Priory Alumnae Plants (Sustainable) Seeds of Change
Elizabeth McDonnell

Priory alumna Stephanie Albaña, '20 was recently one of three innovative teens from local schools to present at this year's virtual Hawaiʻi Conservation Conference (HCC) on their Hawaiʻi Youth Sustainability Challenge (HYSC) solutions on Wednesday, September 2. Albaña, who is following in Queen Emma’s footsteps to educate and improve the lives of Hawai’i’s keiki, won an HYSC grant from the Kōkua Hawaiʻi Foundation in 2019. HYSC, a program of Kupu and Kōkua Hawaiʻi Foundation, is an initiative to empower Hawaiʻi youth to address conservation and sustainability challenges in their schools and communities. Students in public, private, and charter schools from grades 9-12 apply to receive funding, mentorship, and training to support innovative and grassroots environmental initiatives.

The Kōkua Hawaiʻi Foundation grants assistance to Hawai’i schools in paying for supplies and training for their classroom environmental education initiatives for up to $1,000 per school. The non-profit, started by local musician Jack Johnson and his wife, Kim Johnson, have a subset of the organization, ʻĀINA In Schools, which oversees grants like Albaña's with the mission to support environmental education in schools and communities of Hawaiʻi.

During the conference, Albaña inspired many other students and teachers to think about sustainability by discussing what she has done with the grant funds thus far. The annual HCC conference empowers Hawaiʻi youth to create solutions to conservation and sustainability challenges in schools and communities by connecting thought leaders like Albaña to the Hawai’i community.

Albaña, who is now a freshman at Cornell University studying Environment and Sustainability, presented her grant-funded HYSC project: the “Priory Permaculture School Garden,” during a livestream presentation on HCC’s Facebook page this past week.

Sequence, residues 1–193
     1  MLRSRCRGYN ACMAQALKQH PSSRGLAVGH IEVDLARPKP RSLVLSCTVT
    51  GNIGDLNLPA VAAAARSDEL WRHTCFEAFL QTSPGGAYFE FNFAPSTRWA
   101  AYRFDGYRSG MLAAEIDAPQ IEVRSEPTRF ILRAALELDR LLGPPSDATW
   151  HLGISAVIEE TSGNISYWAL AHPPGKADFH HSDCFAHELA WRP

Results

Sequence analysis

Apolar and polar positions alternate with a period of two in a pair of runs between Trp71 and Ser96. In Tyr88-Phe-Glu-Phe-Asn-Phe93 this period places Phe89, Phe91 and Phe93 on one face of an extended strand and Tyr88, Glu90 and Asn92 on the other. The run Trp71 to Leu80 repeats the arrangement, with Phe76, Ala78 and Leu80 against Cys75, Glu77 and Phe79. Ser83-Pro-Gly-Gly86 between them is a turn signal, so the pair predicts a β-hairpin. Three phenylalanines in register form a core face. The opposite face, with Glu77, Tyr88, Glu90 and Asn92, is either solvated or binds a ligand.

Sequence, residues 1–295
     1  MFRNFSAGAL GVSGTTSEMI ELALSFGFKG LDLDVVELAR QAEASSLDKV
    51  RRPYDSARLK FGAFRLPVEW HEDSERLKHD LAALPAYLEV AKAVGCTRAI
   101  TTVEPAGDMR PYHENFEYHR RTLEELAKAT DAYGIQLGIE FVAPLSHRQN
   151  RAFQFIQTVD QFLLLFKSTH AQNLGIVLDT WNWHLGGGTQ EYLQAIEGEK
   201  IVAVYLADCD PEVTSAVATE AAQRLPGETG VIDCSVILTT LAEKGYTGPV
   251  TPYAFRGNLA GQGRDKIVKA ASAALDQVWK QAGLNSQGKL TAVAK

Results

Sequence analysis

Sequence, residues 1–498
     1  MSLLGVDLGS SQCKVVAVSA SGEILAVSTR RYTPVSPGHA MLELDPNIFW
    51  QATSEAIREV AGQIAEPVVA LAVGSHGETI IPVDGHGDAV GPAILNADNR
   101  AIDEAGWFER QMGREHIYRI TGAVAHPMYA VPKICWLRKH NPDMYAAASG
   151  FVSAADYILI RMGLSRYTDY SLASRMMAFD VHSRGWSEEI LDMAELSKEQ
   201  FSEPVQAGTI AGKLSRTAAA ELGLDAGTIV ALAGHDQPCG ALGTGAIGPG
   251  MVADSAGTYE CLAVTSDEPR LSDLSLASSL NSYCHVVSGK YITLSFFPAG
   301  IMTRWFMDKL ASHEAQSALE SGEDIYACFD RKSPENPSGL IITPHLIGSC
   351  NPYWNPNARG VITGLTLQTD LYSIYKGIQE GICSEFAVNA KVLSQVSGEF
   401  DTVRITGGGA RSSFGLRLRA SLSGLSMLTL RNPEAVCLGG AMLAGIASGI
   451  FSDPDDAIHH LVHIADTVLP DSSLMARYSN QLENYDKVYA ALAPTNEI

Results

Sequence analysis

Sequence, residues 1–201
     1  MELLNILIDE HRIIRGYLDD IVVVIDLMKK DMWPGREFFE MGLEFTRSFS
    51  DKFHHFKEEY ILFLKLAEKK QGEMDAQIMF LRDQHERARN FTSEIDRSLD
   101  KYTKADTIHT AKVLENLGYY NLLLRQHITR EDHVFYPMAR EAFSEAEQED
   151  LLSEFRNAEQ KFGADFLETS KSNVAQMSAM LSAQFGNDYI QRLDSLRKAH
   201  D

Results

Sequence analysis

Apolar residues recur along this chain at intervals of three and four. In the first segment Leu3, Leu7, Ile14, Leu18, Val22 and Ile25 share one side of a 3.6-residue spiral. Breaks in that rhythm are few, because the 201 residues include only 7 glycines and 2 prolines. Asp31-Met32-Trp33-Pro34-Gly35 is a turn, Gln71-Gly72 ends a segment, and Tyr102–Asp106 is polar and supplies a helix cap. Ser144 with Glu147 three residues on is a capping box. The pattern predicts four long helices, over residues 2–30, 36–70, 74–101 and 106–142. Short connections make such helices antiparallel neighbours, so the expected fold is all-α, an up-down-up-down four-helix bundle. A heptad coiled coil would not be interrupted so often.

Inspired to go after the Kōkua Hawaiʻi Foundation grant by a trip she took with St. Andrew’s Schools' Pacific & Asian Affairs Council (PAAC) to Bali in 2019, Albaña noticed that Bali was able to produce much of what they needed on the island, and do so sustainably, through permaculture. Permaculture, an innovative framework of living off an environment sustainably has been adopted by many cultures as a way of life around the world.

Albaña noted in her presentation that much of what Hawaiʻi uses or consumes is imported and not sustainable. She explained her project in an HCC website teaser:

“…Hawaii imports 90% of what we eat and keeps only one week’s supply of food in-state. This is incredibly unsustainable and makes Hawai‘i vulnerable to natural disasters and economic disruptions. Increasing Hawai‘i’s capacity to produce and sell local food will help reduce our vulnerability to these external pressures. In an effort to address this issue, I created a permaculture garden at The Priory to spread awareness of Hawaii's food shortage problem and to promote an appreciation for locally grown food and sustainability. This permaculture system will connect our school’s existing resources— rain barrels, worm bins, chicken coop, aquaponics, garden beds, and an upcoming vertical garden system— to produce plants.”

Albaña's garden permaculture prototype test had three primary objectives: (1) to grow and produce food for students; (2) to educate about climate change and sustainability; and (3) to bring the school together to work in the ‘āina and have fun. The project’s first phase was a great success. It involved the test garden planted with the younger students in the Lower School. Building upon this success, the project’s second phase was intended to broaden the initiative’s impact but the project was paused due to COVID-19 shutdowns.

Needless to say, Albaña left our school with some grant resources to continue her school garden and permaculture sustainability project into the foreseeable future. Albaña's legacy of sustainability will continue to educate and inspire other students through the grand funds she won before graduating.  

“We must save the world,” Albana concluded during her conference lecture, “one seed at a time!”

 

To watch the full presentation, click here.